U.S. CPI is the headline data release this week and it comes on the heels of the weaker-than-expected AHE print that accompanied the June jobs report on Friday.
It will also be viewed in the context of the June Fed minutes which betrayed a committee that, while characterizing the U.S. economy as “very strong” and while expressing concern about the prospect of overheating in light of fiscal stimulus, also described the trade tensions as “intensifying.”
Remember, the Fed is undoubtedly concerned about the prospect of late cycle fiscal stimulus raising the chances that the Phillips curve comes back to life as it’s wont to do in late stage expansions.
“Phillips curve functions like an organ without a body, an equivalent of Cheshire cat’s smile (in Alice in Wonderland) that persists alone, even when the cat’s body is no longer present”, Deutsche Bank’s Aleksandar Kocic wrote last month, in a characteristically brilliant note.
What you’re looking at there are the vertical lines at the end of recoveries. As Kocic goes on to write, “in the past, this stage always exhibited a dramatic (practically straight line) rise in wages in response to infinitesimal improvements in economic activity.”
When you throw in the possibility that tariffs have a steepening effect on the Phillips curve, you’re left to ponder whether the FOMC will be loath to forestall further rate hikes irrespective of what happens to markets over the remainder of the year.
In the same vein, the Fed is said to be actively discussing an outcome that sees protectionism driving up the cost of tradable goods.
“After experiencing unexpected weakness last year, consumer price inflation has picked up in 2018, increasing 1.0% through the first five months of the year [and] we expect more of the same in June, projecting both core and headline CPI to have increased by 0.2% m/m, which should push the former up 0.1pp to 2.3% year-on-year and the latter up 0.1pp to 2.9% year-on-year,” BNP writes, in their week ahead outlook.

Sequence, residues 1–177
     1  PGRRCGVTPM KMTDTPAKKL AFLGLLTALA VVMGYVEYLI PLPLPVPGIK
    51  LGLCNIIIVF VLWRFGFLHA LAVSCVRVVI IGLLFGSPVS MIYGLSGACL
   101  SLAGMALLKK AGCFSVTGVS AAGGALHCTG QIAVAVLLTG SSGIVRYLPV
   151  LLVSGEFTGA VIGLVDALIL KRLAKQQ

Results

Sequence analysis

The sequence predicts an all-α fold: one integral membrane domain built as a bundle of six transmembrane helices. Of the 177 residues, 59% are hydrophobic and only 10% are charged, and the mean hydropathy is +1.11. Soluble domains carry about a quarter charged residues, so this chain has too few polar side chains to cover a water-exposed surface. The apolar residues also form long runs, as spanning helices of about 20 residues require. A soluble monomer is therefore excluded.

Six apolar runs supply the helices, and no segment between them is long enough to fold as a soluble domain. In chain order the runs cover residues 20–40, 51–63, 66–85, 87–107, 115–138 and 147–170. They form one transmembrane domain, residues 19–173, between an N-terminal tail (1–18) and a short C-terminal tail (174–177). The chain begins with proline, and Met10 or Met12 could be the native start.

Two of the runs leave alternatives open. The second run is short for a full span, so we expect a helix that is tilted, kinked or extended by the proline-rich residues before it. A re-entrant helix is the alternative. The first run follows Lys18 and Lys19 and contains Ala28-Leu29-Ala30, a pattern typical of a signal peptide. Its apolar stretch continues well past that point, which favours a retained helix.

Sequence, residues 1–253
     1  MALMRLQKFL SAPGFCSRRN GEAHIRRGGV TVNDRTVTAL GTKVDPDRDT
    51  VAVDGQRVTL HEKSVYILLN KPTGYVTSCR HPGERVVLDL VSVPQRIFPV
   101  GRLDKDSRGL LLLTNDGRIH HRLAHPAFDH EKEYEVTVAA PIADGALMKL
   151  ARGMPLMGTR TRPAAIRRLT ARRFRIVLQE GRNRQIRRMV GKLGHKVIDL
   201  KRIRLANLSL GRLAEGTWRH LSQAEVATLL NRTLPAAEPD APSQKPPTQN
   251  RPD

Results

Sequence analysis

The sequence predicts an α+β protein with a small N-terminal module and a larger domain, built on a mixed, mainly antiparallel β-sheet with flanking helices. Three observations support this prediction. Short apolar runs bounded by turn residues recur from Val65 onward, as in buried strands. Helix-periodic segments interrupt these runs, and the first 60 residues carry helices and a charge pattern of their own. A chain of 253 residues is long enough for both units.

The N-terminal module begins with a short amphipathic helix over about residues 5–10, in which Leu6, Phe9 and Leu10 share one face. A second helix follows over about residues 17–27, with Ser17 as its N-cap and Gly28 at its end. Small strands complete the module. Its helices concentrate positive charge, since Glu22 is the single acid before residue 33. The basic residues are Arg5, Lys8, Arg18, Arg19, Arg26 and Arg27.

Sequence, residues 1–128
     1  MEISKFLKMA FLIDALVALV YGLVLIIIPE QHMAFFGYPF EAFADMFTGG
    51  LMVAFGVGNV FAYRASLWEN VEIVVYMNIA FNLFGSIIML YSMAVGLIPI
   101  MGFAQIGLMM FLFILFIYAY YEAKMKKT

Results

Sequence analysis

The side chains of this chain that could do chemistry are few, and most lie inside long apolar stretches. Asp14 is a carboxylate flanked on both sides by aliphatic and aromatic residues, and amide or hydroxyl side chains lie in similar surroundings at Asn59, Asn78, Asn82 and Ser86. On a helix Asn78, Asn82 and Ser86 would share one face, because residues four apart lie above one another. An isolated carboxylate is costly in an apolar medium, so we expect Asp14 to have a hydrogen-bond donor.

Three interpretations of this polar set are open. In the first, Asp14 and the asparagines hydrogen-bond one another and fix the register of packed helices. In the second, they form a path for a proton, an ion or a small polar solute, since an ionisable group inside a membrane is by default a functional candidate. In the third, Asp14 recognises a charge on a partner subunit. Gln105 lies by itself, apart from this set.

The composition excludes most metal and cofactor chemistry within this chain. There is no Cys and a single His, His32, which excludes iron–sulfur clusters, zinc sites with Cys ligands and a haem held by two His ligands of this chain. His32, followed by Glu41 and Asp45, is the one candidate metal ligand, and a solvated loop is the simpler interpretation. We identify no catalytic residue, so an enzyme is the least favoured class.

Inflation jumped to a six-year high in May.
So that’s the backdrop for the June print and without further ado.
Estimates and priors
- US CPI MoM, est. 0.2%, prior 0.2%
- 8:30am: US CPI Ex Food and Energy MoM, est. 0.2%, prior 0.2%
- 8:30am: US CPI YoY, est. 2.9%, prior 2.8%
- 8:30am: US CPI Ex Food and Energy YoY, est. 2.3%, prior 2.2%
- 8:30am: US CPI Index NSA, est. 252.1, prior 251.6
- 8:30am: US CPI Core Index SA, est. 257.4, prior 256.9
- CPI rose 0.1% vs est. 0.2%, according to the BLS.
- CPI Y/y rose 2.9%; est. 2.9%
- Forecast range from up 0.1% to up 0.5% from 67 estimates
- Ex. food, energy m/m up 0.162%; est. 0.2%
- Ex. food, energy y/y up 2.255%; est. 2.3%
The good news here is that if you’re looking to take a vacation, hotel prices collapsed 4.1% MoM, that would be the largest decline on record and as Bloomberg notes, it pushed the broader gauge down by 0.037ppt despite “continued steady gains” in other measures of housing costs.
There’s nothing in here that’s going to change the Fed’s mind one way or another, so I guess, at the margin, you can ignore this one and get back to worrying about what the President is going to do next.